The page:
Saturday, November 2, 2013

What IS an Acoustic Neuroma?

I've had several people asking me exactly what is an Acoustic Neuroma Tumor. So here is my chance to share what we have learned in just a very short time frame. And maybe even bring some more awareness to these types of tumors.

An Acoustic Neuroma, or also known as Vestibular Schwannoma, is a benign growth that arises on the eighth cranial nerve leading from the brain to the inner ear. These tumors are on the rise, but mainly because of the advances in MRI scanning and patients having more symptoms. Studies show that 2 out of 100,000 people are being diagnosed  and are typically found between the ages of 30 and 60. It's a very slow growing tumor and can grow as much as 1mm a year.

This is NOT a picture of Billy's but is very similar to his and what an AN looks like on an MRI

The largest symptom complaint is the reduction in hearing. Billy has not had any other symptoms except hearing loss and a feeling of fullness in that ear. When we went to the ENT, just for a standard consult, he had a reduction of hearing by as much as 31%. Some AN's can cause facial pain, numbness or headaches. Thankfully he has not experienced any of these symptoms.

AN's are diagnosed mainly by MRI's. This technique can identify tumors measuring as small as 1mm!!! Billy's tumor is 27 mm's or 2.7 cm and is on the larger side of the tumor ratio. In some recent papers we were reading there were cases of them being as large as 5 cm. Letting them grow as large as 5 can be fatal, as the tumors begin to press more heavily on the brain stem.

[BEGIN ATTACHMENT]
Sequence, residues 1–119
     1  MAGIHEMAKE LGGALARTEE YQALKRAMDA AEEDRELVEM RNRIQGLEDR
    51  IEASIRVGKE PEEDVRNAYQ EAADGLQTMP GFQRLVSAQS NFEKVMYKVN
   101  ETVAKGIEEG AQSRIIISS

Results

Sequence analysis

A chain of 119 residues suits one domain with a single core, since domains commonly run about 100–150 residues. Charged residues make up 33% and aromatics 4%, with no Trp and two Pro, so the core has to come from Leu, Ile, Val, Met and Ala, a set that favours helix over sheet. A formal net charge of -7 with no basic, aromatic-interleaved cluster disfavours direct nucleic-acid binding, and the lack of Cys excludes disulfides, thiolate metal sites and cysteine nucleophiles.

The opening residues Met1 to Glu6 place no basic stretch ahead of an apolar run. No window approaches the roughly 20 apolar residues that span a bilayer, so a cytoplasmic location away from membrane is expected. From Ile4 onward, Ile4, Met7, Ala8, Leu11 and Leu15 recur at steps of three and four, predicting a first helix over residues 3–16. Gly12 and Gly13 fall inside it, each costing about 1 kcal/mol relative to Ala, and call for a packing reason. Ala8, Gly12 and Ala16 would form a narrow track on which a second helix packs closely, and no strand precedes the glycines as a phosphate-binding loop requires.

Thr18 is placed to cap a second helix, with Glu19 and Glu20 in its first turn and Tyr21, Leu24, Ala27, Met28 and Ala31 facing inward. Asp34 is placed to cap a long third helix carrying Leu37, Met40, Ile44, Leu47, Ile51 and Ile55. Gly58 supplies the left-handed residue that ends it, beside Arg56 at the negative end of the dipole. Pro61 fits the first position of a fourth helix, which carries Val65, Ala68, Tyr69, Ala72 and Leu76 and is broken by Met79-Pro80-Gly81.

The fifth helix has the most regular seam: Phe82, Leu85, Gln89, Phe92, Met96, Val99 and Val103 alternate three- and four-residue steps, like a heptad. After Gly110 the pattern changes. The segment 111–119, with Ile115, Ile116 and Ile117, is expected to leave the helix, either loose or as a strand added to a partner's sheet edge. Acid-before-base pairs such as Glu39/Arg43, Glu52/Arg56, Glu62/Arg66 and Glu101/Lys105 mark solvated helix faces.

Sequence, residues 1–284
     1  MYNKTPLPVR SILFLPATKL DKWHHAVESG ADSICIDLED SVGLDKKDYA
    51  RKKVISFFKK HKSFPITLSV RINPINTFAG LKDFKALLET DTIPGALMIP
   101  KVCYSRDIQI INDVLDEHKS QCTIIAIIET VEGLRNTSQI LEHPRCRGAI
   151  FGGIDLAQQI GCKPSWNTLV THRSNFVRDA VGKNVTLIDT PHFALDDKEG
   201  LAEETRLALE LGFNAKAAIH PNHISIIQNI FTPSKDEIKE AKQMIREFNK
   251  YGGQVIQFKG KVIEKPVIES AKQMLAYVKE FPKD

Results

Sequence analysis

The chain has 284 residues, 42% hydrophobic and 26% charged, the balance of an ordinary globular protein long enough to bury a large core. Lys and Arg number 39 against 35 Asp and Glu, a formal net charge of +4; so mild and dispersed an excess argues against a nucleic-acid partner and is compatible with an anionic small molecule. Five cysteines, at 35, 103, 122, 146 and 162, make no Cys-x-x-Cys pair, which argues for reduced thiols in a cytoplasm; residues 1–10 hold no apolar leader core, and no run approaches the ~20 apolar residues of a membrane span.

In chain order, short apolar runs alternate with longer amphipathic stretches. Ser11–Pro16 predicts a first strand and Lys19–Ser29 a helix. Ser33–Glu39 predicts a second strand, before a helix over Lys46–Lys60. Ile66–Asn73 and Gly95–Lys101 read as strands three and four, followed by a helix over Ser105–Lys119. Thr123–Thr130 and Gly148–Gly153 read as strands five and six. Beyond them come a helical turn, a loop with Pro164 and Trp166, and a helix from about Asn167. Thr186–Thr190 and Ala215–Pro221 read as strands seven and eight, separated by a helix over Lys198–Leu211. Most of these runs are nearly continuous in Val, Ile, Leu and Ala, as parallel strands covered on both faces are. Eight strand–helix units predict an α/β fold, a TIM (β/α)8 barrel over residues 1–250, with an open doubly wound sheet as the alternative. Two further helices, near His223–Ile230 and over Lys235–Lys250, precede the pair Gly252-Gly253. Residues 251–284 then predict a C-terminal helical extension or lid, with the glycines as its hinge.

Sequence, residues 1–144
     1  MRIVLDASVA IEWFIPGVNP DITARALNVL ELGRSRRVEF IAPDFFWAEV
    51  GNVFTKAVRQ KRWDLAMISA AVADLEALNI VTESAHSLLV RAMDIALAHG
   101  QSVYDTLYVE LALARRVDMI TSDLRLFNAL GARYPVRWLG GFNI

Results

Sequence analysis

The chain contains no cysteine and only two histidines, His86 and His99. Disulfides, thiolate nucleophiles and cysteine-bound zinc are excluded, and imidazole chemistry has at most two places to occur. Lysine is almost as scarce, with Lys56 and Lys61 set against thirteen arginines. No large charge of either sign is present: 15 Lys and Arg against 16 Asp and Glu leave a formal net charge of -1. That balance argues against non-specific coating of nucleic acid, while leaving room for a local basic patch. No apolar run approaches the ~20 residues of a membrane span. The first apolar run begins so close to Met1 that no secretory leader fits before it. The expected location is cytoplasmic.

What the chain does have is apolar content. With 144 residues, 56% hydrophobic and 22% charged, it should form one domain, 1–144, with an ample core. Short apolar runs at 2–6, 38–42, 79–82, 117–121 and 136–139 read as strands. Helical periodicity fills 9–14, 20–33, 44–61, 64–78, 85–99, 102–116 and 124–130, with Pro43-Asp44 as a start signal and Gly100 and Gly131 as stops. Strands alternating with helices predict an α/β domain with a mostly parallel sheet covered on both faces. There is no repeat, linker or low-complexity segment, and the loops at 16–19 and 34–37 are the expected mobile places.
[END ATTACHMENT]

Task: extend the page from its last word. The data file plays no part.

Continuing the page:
There are several treatment options but it is all based on how large the tumor is. The easiest is the GammoKnife or CyberKnife Radiation. But for these the tumors do not need to be on the large side due to swelling of the brain, etc. If it is very small then they will typically just watch it and wait. The third option is the Microsurgical removal. This option is typically used for tumors on the larger side.
This will be our only option. They will go in behind his ear for the surgery. Because of the size of the tumor and where it is located he will lose all of his hearing on that side. To get to the tumor the hearing and balance nerve will be severed. This results in the pernament loss of hearing and balance. Rehab and time will help him gain his balance back, to a degree.

So there ya have it....Acoustic Neuroma up close and personal. And a glimpse at my new Tshirt :)